Florida Among Most ‘Tax Friendly’ States

New York and New Jersey were the least tax friendly states in America, according to a listing by 24/7 Wall St., while Florida and Washington were among the “most friendly.”
The rankings were based on data obtained from Tax Foundation’s 2013 Stat State Business Tax Climate Index, the report said.

“Unemployment rates are from the Bureau of Labor Statistics for January 2013. State debt and revenue figures are from the Tax Foundation for fiscal 2011, the most recent available year. Income, poverty, employment composition, and state expenditure data are from the U.S. Census bureau, also from 2011,” it explained.

Here are the states with most and least favourable business tax climates, along with excerpts from 24/7 Wall St.:

Least tax friendly states

#1. New York
• Taxes collected per capita: $3,497 (8th highest)
• Unemployment: 8.4% (tied-12th highest)
• Corporate taxes collected per capita: $207 (8th highest)
• Sales tax rate: 4.0% (13th lowest)
“The Tax Foundation considers New York to have the worst business climate of all states. While the state actually ranked in the better half in terms of corporate taxes, its individual income tax policy was ranked the worst in the country.”

#2. New Jersey
• Taxes collected per capita: $3,085 (12th highest)
• Unemployment: 9.5% (tied-4th highest)
• Corporate taxes collected per capita: $252 (6th highest)
• Sales tax rate: 7.0% (tied-2nd highest)
“New Jersey scored near the bottom of all states in several different types of taxes. The state ranked second from the bottom in property taxes, third from the bottom in individual income taxes and fifth from the bottom in sales taxes.”

#5. Rhode Island
• Taxes collected per capita: $2,603 (18th highest)
• Unemployment: 9.8% (tied–the highest)
• Corporate taxes collected per capita: $141 (18th highest)
• Sales tax rate: 7.0% (tied-2nd highest)
“Rhode Island is the worst state in the nation for unemployment insurance taxes, which are paid by employers to support the states’ unemployment insurance programs.”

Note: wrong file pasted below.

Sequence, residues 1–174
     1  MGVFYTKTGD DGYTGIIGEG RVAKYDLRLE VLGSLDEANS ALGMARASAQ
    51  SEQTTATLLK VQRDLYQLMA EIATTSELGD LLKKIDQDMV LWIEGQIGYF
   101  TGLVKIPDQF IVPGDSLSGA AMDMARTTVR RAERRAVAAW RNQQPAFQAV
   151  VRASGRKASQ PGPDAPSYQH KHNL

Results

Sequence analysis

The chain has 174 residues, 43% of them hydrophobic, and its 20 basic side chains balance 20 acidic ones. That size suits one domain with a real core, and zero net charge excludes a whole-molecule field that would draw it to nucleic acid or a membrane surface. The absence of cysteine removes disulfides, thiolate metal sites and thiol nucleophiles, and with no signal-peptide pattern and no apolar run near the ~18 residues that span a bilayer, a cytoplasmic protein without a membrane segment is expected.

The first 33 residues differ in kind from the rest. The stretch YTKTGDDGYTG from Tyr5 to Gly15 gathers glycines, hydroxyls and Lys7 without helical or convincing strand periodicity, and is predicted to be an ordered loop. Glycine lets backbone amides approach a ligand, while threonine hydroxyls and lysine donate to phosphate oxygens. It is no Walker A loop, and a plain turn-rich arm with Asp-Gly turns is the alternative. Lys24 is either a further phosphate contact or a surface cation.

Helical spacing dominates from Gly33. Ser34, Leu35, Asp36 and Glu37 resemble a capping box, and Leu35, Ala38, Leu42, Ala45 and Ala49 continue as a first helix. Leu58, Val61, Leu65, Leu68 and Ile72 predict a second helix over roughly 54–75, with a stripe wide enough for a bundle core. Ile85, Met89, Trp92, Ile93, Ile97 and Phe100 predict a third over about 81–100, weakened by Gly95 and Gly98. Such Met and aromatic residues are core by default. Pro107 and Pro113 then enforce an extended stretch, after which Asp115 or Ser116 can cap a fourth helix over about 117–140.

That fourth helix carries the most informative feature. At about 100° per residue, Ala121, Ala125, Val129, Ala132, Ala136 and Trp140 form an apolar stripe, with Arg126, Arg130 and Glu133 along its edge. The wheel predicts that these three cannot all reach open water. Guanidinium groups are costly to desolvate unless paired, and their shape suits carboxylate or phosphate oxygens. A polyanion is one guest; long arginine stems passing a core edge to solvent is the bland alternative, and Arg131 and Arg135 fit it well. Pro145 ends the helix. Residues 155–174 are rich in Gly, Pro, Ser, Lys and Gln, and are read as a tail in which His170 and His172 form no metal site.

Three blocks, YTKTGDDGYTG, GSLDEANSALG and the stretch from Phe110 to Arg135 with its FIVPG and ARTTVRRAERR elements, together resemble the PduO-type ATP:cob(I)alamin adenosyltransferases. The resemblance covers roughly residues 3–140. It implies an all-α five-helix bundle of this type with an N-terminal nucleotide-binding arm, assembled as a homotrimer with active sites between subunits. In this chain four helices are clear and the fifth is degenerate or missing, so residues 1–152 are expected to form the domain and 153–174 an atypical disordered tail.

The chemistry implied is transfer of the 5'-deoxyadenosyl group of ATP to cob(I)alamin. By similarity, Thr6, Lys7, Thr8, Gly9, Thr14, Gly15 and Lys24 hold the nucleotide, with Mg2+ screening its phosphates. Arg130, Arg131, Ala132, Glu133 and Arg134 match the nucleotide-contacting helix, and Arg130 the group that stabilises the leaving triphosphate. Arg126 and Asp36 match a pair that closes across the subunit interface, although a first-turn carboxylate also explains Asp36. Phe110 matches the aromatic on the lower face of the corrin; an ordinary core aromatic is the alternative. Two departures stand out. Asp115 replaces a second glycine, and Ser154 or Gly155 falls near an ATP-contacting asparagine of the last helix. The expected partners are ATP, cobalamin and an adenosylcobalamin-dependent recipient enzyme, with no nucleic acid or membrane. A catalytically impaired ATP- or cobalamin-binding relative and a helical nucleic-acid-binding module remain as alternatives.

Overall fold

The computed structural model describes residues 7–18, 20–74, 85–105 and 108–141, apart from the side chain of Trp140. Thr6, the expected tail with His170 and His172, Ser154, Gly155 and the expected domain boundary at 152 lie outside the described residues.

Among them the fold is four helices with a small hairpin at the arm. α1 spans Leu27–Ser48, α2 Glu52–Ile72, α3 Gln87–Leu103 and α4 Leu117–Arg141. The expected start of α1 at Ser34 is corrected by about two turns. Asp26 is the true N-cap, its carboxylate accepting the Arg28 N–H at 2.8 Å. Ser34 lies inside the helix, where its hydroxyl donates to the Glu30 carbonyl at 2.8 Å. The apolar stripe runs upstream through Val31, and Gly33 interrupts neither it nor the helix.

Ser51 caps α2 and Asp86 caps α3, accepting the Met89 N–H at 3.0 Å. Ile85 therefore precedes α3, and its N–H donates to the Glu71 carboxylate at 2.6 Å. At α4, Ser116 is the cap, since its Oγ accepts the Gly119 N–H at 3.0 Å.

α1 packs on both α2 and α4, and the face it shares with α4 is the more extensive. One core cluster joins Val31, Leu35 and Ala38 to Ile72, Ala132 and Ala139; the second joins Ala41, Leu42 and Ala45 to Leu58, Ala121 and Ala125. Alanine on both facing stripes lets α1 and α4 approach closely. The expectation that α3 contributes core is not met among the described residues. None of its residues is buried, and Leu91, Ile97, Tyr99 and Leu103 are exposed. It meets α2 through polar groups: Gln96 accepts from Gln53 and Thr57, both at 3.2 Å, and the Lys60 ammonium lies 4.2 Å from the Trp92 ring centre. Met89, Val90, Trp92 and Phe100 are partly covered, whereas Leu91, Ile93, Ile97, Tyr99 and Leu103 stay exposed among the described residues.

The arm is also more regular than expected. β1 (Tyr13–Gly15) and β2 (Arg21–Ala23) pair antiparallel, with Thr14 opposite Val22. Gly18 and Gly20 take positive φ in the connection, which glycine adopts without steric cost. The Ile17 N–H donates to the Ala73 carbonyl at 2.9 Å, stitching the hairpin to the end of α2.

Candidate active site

#7. North Carolina
• Taxes collected per capita: $2,332 (24th lowest)
• Unemployment: 9.5% (tied-4th highest)
• Corporate taxes collected per capita: $114 (25th highest)
• Sales tax rate: 4.75% (16th lowest)
“The state has the nation’s highest excise tax on gasoline sales at 37.5 cents per gallon. This is especially negative for businesses, according to the Tax Foundation, because gasoline is a necessity for many businesses.”

#10. Maryland
• Taxes collected per capita: $2,756 (15th highest)
• Unemployment: 6.7% (tied–20th lowest)
• Corporate taxes collected per capita: $134 (19th highest)
• Sales tax rate: 6.0% (tied-16th highest)
“Despite having the 10th-best business tax climate in the country, Maryland actually has a relatively high corporate tax rate. However, its rank for individual tax rates was the sixth-lowest of all states.”

Most tax friendly states

#5. Florida
• Taxes collected per capita: $1,718 (7th lowest)
• Unemployment: 7.8% (18th highest)
• Corporate taxes collected per capita: $99 (21st lowest)
• Sales tax rate: 6.0% (16th highest)
“Florida has no individual income tax. In addition, the state has a 5.5% flat corporate tax rate, lower than most states that levy one.”

#7. New Hampshire
• Taxes collected per capita: $1,761 (8th lowest)
• Unemployment: 5.8% (14th lowest)
• Corporate taxes collected per capita: $443 (2nd highest)
• Sales tax rate: none (the lowest)
“New Hampshire is one of just two states, along with Tennessee, that restrict personal income taxes to just interest and dividends. Additionally, New Hampshire is one of just five states that have no state-level sales tax.”

#9. Texas
• Taxes collected per capita: $1,696 (6th lowest)
• Unemployment: 6.3% (tied-16th lowest)
• Corporate taxes collected per capita: 0 (the lowest)
• Sales tax rate: 6.25% (13th highest)
“Texas is one of just seven states that have no individual income tax, all of which are among the most-friendly towards business. Outside of the individual income tax, however, Texas was rated poorly for many of its tax policies, including corporate taxes where it was rated 13th-worst.”

Read the original article here.

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